Spudger

$2.95

Product code: IF145-002
Apple Part #: 922-5065

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Spudger

$2.95

Product code: IF145-002
Apple Part #: 922-5065

Product Overview

Safely poke and pry just about anything.

A spudger is a tough antistatic tool that can be used for a variety of purposes when repairing electronic devices. The 5" tool is made of nylon and has one flat end and one pointed end. The pliable and antistatic properties make it ideal for working around sensitive electronic components without fear of shocking or scratching them.

The pointed flat side can be used to disconnect connectors, remove thermal paste from a heat sink, pry off components, aid in soldering, or just to unscrew a MacBook's battery. The pointed end of the spudger can be used to connect/disconnect components, hold objects for soldering, or poke something that requires poking. The tool also includes a notch for hooking wires.

We find this spudger to be the perfect size for most repairs. However, when you need a tougher prying/poking tool, we also carry our Heavy Duty Spudger, a more robust version of this tool. This product is included in a lot of our toolkits, but it's especially helpful in the Pro Tech Toolkit and Soldering Workstation.

Compatible with Apple's "Black Stick", Apple part number 922-5065

Product Details

$2.95 Single

 

Condition:

New

$149.95 100-pack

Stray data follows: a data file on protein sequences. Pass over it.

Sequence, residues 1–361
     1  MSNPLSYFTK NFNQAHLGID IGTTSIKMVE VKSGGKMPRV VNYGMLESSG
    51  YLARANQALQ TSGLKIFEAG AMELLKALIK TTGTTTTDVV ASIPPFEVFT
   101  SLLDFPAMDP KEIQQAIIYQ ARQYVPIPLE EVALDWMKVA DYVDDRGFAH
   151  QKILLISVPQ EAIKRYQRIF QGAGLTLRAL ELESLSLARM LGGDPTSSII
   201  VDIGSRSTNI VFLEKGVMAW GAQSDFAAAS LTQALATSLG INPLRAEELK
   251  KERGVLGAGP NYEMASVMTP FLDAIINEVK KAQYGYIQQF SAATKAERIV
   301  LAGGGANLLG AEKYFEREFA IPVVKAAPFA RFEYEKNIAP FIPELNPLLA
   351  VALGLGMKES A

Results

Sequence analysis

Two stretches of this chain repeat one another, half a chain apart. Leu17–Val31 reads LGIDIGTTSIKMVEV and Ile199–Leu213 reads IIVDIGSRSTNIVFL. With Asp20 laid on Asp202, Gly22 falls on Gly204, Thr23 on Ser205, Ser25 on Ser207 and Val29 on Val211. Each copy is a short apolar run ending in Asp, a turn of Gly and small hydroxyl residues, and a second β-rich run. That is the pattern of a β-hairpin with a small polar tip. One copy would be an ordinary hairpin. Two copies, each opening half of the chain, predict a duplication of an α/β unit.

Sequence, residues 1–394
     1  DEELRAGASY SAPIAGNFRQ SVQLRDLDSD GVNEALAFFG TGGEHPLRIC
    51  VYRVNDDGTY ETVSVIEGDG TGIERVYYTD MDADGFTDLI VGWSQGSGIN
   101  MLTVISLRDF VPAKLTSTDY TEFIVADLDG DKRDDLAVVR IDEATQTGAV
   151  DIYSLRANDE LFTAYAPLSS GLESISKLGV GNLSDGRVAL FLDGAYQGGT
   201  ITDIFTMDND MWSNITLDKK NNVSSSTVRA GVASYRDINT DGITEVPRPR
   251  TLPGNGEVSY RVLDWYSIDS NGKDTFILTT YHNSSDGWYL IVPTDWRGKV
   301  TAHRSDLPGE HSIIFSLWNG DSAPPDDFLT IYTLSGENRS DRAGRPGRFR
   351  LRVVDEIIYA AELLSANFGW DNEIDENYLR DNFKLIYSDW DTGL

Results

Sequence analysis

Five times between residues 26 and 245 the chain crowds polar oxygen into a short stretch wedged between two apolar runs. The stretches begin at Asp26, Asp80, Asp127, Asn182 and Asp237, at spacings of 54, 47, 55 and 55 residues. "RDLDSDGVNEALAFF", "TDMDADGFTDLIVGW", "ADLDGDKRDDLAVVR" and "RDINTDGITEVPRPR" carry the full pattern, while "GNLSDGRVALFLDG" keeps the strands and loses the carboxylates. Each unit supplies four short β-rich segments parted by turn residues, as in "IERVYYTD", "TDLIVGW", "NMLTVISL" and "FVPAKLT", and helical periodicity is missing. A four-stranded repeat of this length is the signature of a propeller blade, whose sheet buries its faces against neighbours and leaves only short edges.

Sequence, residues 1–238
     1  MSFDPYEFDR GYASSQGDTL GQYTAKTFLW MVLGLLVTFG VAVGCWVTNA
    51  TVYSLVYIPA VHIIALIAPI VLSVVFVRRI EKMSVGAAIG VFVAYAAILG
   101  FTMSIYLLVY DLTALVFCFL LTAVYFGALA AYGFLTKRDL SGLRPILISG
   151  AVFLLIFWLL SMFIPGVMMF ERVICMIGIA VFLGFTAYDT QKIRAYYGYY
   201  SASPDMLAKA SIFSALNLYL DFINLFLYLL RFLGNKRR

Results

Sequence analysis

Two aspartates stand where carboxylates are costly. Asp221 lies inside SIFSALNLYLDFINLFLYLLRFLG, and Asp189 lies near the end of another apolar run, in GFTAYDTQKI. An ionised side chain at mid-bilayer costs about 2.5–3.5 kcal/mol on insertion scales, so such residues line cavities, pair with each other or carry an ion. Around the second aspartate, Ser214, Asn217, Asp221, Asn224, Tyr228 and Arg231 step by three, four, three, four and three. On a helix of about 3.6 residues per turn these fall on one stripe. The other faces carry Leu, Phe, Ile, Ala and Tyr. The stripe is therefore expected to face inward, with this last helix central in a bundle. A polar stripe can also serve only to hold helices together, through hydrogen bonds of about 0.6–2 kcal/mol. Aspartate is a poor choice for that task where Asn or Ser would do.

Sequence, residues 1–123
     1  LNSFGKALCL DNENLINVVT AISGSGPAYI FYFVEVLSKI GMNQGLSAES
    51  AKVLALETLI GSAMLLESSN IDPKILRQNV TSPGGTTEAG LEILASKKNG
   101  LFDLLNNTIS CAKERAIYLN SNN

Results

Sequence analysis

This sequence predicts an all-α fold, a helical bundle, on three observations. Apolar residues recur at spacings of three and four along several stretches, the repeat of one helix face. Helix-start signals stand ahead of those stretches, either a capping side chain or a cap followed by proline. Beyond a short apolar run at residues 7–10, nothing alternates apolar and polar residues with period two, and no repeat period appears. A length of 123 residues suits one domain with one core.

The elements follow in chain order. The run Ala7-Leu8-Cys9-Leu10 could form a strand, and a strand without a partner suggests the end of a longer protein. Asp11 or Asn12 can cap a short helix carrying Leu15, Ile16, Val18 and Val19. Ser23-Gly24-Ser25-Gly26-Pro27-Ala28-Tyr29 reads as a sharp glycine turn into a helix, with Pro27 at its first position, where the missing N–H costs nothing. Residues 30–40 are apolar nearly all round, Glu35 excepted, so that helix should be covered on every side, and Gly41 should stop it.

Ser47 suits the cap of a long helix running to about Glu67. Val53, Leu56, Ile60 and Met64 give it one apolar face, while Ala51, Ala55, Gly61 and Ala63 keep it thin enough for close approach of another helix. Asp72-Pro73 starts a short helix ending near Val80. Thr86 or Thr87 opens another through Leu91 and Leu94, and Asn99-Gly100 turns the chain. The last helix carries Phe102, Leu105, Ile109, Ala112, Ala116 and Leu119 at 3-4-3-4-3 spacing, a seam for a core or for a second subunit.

Condition:

New

Notes:

Repair Shops, Schools, Manufacturers, or anyone else who uses lots of spudgers, save with our 100 pack.

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Stories

bexoro's Story Photo #617586
bexoro's Story Photo #617587
bexoro's Story Photo #617588

My Problem

After lounging around one day, the incredibly comfortable arm of the chair I was napping in proved not to be a reliable place to rest my open MacBook. There was the initial shock of some jarbled pixel lines on the screen, but it only seemed to go downhill from there as the rest of the screen slowly disintigrated to a pink and then finally a black. School was about to start again in fall and I knew it was time to replace the screen now or have to suffer through a semester without it.

My Fix

The repair gave me some really good footage for a time-lapse, which looks incredibly interesting and detailed at 2 minutes instead of the 1.5+ hours it took in reality. I wasn't really sure what I was doing, but the combination of the easy to follow picture guide and the power of editing made the overall experience quick and seamless You can watch the youtube video here: (https://www.youtube.com/watch?v=BHhpoG-0...)

My Advice